When Stephen Strasburg made his major league debut last night for the Washington Nationals, the catcher behind the plate was Ivan (Pudge) Rodriguez.
It is interesting but early yesterday morning, neither Strasburg or Rodriguez were on the Nationals active roster. Strasburg had yet to be promoted and Rodriguez had yet to be activated from the disabled list.
But the phenom was promoted and the future Hall of Famer was activated. It was a game the HOFer Rodriguez did not want to miss.
Nationals manager Jim Riggleman said that there was no way that Pudge was going to miss this game, but he still had to go through the machinations of getting clearance from the medical staff.
The young Nationals starting staff of John Lannan, Craig Stammen, Luis Atilano, Scott Olsen (before demotion) were big reasons for the Nationals signing Pudge. Even young pitchers in Triple A such as J.D. Martin and Shairon Martis will eventually benefit from Pudge’s expertise behind the plate.
But the real reason was last night’s starting pitcher, Mr. Strasburg.
I remember there was not a lot of positive news when the Nats signed Pudge last December at baseball’s winter meetings. People were ripping him here, here and here, with the last one a big rip of the deal from former Nationals GM Jim Bowden.
All those quotes and blather from Bowden kind of makes him look like a buffoon.
The problem for many pundits was not that he was signed, but the duration of two years and the total cost of $6 million was deemed too much. Pudge did not hit very well last season in two major league stops in Houston and Texas. His slash line of .249/.280/.384/.664 OPS was easily the worst of his career.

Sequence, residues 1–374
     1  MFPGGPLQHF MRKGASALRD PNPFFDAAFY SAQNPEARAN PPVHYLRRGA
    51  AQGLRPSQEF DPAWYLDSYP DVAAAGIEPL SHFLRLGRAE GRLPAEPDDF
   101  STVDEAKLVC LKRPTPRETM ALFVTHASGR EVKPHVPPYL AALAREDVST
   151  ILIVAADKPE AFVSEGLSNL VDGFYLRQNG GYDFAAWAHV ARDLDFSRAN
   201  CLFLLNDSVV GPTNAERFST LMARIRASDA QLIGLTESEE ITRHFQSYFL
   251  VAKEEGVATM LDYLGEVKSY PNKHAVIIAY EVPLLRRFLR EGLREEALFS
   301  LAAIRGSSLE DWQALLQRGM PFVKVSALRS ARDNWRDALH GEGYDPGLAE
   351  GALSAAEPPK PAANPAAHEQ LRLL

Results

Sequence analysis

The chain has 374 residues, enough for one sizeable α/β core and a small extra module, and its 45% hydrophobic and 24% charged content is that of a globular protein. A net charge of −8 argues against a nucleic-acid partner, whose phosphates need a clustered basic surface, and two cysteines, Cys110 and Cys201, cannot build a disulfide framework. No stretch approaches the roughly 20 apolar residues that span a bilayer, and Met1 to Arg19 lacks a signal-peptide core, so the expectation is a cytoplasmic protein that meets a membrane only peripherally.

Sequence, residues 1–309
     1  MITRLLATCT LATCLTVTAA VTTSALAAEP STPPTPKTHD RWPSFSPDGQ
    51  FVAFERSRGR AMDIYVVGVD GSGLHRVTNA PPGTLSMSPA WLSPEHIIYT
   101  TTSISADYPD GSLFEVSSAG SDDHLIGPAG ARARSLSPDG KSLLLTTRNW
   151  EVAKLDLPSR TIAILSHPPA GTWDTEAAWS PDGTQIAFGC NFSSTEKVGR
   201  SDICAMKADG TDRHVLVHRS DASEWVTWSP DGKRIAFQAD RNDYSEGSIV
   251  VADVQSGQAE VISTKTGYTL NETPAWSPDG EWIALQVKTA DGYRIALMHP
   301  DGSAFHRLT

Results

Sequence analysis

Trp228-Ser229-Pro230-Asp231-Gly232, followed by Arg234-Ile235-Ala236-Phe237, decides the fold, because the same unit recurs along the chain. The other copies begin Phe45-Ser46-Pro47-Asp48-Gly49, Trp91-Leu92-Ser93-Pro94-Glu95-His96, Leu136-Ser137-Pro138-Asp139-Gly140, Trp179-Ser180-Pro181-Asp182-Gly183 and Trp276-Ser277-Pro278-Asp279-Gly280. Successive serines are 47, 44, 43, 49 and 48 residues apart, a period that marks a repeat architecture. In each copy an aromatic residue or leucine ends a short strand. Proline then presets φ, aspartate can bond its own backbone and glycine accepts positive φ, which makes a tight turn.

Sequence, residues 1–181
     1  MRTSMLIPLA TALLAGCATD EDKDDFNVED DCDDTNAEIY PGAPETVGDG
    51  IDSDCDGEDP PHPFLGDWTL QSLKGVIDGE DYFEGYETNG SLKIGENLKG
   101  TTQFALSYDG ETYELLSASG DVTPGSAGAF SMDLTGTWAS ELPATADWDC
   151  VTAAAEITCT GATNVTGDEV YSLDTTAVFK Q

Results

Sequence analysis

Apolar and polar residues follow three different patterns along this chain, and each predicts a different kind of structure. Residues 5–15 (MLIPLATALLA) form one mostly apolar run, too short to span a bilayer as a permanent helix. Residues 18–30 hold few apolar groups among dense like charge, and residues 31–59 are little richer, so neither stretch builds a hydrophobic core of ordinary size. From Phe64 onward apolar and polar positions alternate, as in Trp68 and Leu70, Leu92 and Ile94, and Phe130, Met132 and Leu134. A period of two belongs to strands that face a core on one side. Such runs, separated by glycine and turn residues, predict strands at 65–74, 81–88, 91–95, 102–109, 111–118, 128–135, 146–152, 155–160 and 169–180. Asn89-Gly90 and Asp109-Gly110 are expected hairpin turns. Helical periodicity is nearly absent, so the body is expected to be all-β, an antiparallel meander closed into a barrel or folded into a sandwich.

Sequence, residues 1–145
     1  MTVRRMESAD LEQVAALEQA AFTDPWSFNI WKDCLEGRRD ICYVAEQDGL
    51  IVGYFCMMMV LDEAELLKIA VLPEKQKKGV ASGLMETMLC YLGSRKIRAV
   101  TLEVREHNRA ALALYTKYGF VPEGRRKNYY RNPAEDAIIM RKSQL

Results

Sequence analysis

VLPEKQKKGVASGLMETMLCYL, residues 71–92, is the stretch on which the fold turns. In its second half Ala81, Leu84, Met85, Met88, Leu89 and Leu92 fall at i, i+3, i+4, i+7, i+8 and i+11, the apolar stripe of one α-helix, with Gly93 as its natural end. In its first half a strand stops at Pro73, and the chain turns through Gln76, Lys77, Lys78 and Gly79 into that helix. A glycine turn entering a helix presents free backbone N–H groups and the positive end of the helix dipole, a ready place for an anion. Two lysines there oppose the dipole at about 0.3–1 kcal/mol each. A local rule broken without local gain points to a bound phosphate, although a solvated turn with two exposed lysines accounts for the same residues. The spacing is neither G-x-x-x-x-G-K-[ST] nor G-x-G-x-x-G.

And it continued a decline from his last really good offensive season, in 2004, his first season in Detroit.
That is understandable, but current Nationals GM, Mike Rizzo, had other ideas when he signed Pudge.
Once again for Mr. Strasburg and company. It has not been the first time Pudge was acquired with the intentions of having him work with a young pitching staff.
In the aforementioned 2004 contract with Detroit, Pudge signed a 4 year/$40 million deal to help the Tigers build a winner. The Tigers were coming off one of the worst seasons for any baseball team in history. They already had some bats, but six Tigers pitchers in 2003 had double-digit starts, and all were 26 and under.
Included in this group were 23-year-old Mike Maroth and 20-year-old Jeremy Bonderman, who was the key player the Tigers picked up in the Jeff Weaver to the New York Yankees deal. Nate Robertson would join the rotation in 2004, the same year Justin Verlander was drafted by the Tigers.
Three seasons into his contract, and the Tigers were in the World Series,with a staff anchored by the youngsters Verlander, Robertson and Bonderman.
Prior to signing with the Tigers, Pudge helped the Florida Marlins win the 2003 World Series, his only season in sunny South Florida.
And make no mistake about it, but Pudge was a hired gun, a mercenary player brought in for one thing – help develop a young pitching staff. That staff included Josh Beckett (age 22), Brad Penny (24), A.J. Burnett (25), Ryan Dempster (25) and Carl Pavano (26).
And they did win the World Series, with Pudge being a big part of the post season, both with the staff and the bat.
So the Nationals remembered those two instances and figured if it was good for the Marlins and the Tigers, why can’t Pudge be good for them, too? Plus, I-Rod is also producing with the bat, slashing at a .331/.356/.449/.815 OPS.
Combined with the good bat and last night’s performance by the new pitching phenom, so far so good with Pudge’s signing.
And Jim Bowden is left wondering why he is not a major league GM anymore.